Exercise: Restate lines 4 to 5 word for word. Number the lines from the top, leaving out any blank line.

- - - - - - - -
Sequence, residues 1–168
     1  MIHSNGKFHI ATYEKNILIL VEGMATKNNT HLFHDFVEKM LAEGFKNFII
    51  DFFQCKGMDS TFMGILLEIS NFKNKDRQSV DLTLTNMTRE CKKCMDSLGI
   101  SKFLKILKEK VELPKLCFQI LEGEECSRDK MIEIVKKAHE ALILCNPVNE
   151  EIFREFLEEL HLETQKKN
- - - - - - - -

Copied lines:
   101  SKFLKILKEK VELPKLCFQI LEGEECSRDK MIEIVKKAHE ALILCNPVNE
   151  EIFREFLEEL HLETQKKN